It was the summer of 2013, the temperature was 40 degrees and I was sweltering in my rented first floor flat in the Vera district of Tbilisi, Republic of Georgia. Looking out across the dusty courtyard to the vibrant green of the mulberry tree I wished that I could be transported back to my weekend getaway where I’d escaped the suffocating heat, dust and fumes of Tbilisi by going hiking in the high Caucasus just 2 hours to the north of Tbilisi. Life was far from dull.
Now it was back to work. I was collecting data on commercial real estate opportunities in and around Tbilisi. I’d found a local contact who was interested in a Joint Venture, so it was now a matter of narrowing down a suitable brown field site to build a new European standard warehouse. The alternative on the cards was to renovate an existing soviet concrete shell. Early research on the demand side looked promising, in particular my talks with local representatives of European/ US companies for this type of product. However, as with any investment in emerging markets, the in-country politics were the storm clouds of the investment barometer. Indeed, my local partners’ enthusiasm for the project wavered in line with the daily political intrigues of the nation.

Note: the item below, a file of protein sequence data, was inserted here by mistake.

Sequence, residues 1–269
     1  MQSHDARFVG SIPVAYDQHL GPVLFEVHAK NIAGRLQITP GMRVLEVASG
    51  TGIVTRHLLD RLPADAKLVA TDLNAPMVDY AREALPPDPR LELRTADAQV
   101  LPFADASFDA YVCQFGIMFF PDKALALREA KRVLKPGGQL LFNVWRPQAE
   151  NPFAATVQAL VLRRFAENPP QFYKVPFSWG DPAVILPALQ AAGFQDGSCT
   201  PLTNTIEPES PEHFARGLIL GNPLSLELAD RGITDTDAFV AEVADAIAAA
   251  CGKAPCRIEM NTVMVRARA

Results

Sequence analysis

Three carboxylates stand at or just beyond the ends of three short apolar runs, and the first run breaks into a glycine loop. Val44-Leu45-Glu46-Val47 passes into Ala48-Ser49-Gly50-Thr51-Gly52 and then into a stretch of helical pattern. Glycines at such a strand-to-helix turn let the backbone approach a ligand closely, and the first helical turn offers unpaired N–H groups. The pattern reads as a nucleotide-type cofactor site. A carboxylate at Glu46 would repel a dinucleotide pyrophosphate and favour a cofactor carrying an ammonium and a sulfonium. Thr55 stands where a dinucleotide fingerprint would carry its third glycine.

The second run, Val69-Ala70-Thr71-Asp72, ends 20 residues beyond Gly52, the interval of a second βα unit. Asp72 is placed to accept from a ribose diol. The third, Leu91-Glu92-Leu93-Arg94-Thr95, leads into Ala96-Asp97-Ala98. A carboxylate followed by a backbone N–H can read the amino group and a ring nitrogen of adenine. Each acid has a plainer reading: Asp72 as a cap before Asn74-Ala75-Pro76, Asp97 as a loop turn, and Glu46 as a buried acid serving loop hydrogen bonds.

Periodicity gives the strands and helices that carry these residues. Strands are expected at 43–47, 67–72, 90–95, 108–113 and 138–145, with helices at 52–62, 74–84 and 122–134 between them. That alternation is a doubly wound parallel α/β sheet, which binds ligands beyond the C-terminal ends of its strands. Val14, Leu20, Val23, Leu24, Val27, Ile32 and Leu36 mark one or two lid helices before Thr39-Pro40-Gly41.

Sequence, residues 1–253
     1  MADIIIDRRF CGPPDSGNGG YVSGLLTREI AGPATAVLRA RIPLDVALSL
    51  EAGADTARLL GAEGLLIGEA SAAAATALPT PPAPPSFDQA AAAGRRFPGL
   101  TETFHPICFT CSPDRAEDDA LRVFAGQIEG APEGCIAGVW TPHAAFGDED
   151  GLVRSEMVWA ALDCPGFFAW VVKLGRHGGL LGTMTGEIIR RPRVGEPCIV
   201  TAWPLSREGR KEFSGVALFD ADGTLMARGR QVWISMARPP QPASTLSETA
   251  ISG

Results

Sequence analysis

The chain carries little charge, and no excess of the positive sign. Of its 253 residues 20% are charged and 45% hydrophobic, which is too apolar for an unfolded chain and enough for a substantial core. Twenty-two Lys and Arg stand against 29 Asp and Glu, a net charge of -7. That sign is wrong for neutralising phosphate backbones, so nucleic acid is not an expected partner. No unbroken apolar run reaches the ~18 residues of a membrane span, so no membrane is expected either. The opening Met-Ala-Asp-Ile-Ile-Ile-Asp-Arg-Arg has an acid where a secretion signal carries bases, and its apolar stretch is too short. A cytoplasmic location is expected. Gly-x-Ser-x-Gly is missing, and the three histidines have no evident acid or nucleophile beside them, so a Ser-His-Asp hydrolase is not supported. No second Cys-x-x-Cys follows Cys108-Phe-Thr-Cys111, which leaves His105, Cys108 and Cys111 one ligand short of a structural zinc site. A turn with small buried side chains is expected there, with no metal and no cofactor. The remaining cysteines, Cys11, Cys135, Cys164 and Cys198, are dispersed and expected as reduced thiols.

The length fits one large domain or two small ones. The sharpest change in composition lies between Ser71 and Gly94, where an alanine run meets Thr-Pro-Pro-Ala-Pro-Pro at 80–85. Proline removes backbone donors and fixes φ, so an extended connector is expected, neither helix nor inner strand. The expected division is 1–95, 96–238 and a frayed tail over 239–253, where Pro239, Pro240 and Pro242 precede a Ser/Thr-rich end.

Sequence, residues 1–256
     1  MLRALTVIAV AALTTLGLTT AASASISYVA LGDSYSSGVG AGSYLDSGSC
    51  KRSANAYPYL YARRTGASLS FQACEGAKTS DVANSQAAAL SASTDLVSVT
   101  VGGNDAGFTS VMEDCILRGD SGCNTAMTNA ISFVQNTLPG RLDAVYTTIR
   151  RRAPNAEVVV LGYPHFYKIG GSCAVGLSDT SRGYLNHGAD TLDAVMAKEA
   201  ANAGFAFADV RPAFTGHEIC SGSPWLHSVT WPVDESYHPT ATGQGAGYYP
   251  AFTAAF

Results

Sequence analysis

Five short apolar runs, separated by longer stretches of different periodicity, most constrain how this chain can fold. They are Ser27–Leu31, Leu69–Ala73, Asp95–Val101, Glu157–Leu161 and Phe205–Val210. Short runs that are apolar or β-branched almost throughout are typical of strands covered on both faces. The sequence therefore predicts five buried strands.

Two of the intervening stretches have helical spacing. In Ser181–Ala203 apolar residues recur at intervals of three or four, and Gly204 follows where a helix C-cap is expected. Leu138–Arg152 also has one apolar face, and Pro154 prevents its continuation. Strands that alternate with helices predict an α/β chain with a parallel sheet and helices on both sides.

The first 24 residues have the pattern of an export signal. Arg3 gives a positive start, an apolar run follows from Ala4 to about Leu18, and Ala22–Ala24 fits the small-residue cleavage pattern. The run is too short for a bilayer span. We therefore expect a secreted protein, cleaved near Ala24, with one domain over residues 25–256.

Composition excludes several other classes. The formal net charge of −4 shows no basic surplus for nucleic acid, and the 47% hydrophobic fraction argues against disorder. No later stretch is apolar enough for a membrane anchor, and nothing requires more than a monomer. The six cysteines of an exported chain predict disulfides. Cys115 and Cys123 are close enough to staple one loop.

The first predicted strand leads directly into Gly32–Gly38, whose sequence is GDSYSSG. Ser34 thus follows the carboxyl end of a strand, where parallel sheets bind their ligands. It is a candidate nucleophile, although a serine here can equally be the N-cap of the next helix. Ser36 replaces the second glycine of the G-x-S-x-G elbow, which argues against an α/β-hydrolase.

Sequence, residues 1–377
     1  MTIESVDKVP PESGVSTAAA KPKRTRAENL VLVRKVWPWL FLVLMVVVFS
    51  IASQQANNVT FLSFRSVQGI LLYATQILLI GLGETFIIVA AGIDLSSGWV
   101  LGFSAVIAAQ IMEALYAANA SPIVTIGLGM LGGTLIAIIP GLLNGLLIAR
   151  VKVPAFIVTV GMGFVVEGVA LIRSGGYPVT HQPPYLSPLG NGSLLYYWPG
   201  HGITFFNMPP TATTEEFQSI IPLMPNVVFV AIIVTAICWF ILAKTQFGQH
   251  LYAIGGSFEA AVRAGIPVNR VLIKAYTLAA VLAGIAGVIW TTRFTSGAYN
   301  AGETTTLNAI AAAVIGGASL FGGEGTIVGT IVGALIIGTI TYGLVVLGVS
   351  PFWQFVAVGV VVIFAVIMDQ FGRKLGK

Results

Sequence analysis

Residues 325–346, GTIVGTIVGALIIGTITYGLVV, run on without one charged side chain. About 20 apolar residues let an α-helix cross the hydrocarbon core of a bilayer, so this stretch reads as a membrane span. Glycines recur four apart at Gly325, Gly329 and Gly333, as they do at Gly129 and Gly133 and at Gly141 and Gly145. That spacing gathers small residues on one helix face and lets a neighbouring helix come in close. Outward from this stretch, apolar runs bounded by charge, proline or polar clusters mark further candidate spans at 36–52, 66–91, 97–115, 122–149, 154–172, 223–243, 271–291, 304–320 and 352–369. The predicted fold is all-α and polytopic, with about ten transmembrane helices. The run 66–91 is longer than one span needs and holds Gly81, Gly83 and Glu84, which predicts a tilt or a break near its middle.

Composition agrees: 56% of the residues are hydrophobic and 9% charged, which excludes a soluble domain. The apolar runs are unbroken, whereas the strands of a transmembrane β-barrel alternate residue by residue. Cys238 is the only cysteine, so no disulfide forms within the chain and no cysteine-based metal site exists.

As I once again returned to my spreadsheet mapping the commercial rents in different areas of Tbilisi, I received an email from Deloitte Consulting in Zurich inviting me to another interview. Fortunately, this coincided with a week back home in Zurich to visit my girlfriend. Needless to say, two hours after attending this interview I was offered a job as a Senior Consultant in the Strategy and Operations team of the Zurich practice.
On my return to Tbilisi, I spoke to my local partners about the opportunity offered to me in Zurich. I needed to bring my negotiations to a swift conclusion: go or no-go. They were extremely impressed by the cachet of the Deloitte name (it does have a substantial presence in the Georgian market). I was somewhat surprised by just how impressed they were and this one was of the factors that led me to come and work for a big four consulting firm. I wanted part of that cachet.
Was it the right decision? I have no idea. However, I am pleased with my decision. I have now spent a year and half in consulting and I am still learning new skills every day. Importantly, for future projects whether in emerging markets or elsewhere, I can clearly see my progress in putting together winning proposals. Now, if I returned to Georgia tomorrow to re-ignite my warehousing project I would do things differently. I’d manage my project better, in particular my stakeholders.
A key takeaway from my life in consulting is that consultants are there to give structure to the great ideas of our clients. No, we don’t necessarily have all the answers, but what we can do is provide robust frameworks and clear structure to successfully realise ideas that would otherwise remain on paper.